Eric Worral: 02:26 No, I know animals and pets, they have personalities. But um, I’m pretty sure that, you know, alligators don’t really have a smiling face or frowning face. It’s usually just, you know, the alligator phase. But maybe that’s my uninformed opinion, but I can only imagine how terrifying that was for that landlord when he flipped over the hot tub lid. And I’m assuming, you know, he’s got one of those lids on it and all of a sudden you see a six foot, nearly 200 pounds alligator hanging out inside of your rental property. My favorite part too is there was a ramp and they’re feeding them chicken nuggets and deer and steak. Oh man, this is just, it’s horrible. You feel bad for the animal to because it wasn’t supposed to live its life like this being a new story for people to laugh at and think, oh man, Kansas City, Missouri is nuts.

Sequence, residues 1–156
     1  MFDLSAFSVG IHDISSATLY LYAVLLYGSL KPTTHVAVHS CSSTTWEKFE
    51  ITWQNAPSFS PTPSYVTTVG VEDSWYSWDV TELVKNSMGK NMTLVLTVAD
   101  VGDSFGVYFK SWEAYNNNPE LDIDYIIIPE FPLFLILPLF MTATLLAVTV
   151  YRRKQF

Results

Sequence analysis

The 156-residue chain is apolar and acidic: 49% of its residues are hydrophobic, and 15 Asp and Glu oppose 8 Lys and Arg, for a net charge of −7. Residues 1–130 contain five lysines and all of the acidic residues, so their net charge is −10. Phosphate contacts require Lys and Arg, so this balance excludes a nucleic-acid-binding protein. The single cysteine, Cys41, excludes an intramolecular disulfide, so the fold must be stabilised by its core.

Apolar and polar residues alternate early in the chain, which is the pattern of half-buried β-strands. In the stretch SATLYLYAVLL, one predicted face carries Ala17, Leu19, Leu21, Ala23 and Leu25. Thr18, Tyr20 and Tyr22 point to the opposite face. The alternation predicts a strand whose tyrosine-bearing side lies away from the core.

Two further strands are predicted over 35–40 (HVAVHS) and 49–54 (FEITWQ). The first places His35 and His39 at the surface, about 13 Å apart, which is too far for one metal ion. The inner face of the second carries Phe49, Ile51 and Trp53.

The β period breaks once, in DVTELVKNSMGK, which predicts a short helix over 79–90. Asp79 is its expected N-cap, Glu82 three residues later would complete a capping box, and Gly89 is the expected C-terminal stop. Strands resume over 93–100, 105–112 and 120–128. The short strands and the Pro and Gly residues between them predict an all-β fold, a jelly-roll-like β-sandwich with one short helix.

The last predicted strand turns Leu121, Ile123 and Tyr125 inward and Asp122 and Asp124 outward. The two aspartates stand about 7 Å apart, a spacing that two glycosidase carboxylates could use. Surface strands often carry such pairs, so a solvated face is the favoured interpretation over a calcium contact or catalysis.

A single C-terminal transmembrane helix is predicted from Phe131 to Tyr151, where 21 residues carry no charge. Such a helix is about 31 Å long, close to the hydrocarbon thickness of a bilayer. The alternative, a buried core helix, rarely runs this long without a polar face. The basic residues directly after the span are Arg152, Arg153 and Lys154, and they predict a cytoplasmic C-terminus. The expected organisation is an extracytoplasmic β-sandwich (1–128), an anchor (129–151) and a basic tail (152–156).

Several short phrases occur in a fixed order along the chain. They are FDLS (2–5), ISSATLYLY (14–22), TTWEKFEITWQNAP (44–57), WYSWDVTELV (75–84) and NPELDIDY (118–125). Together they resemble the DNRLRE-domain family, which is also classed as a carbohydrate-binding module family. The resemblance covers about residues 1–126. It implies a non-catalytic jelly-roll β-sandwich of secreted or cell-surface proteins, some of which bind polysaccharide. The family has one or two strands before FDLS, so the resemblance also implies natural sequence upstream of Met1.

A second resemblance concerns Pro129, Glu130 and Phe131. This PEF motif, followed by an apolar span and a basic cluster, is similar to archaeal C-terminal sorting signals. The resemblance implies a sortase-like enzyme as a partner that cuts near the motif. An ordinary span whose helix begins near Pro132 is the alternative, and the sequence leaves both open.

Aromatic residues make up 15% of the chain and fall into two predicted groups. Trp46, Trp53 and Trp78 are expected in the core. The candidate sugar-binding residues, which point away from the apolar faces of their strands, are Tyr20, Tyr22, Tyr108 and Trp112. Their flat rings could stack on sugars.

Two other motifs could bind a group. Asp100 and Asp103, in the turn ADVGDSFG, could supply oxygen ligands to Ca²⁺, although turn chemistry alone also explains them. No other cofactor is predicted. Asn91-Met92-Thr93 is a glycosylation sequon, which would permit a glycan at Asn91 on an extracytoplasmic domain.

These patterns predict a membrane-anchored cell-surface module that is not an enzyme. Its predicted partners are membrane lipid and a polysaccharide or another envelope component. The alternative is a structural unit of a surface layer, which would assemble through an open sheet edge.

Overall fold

Eric Worral: 03:14 But luckily catfish has been returned to a nearby sanctuary where it’ll live comfortably in a more species-appropriate environment. Like how that’s phrased. So after the eviction turned rescue mission, it’s pretty likely this landlord will be extra careful about his pet policy from now on. I agree with you on that one. Chris, and I liked the way you finished out that article. Uh, you can check out this article. I’ll link to it in the show notes of today’s episode as always. But, uh, I just thought there was a 41 to kind of get things started off this week. Uh, it will be kind of a brief episode. We’ve got a couple other news stories that I wanted to point out for ya. And uh, why don’t we move to the next one right here.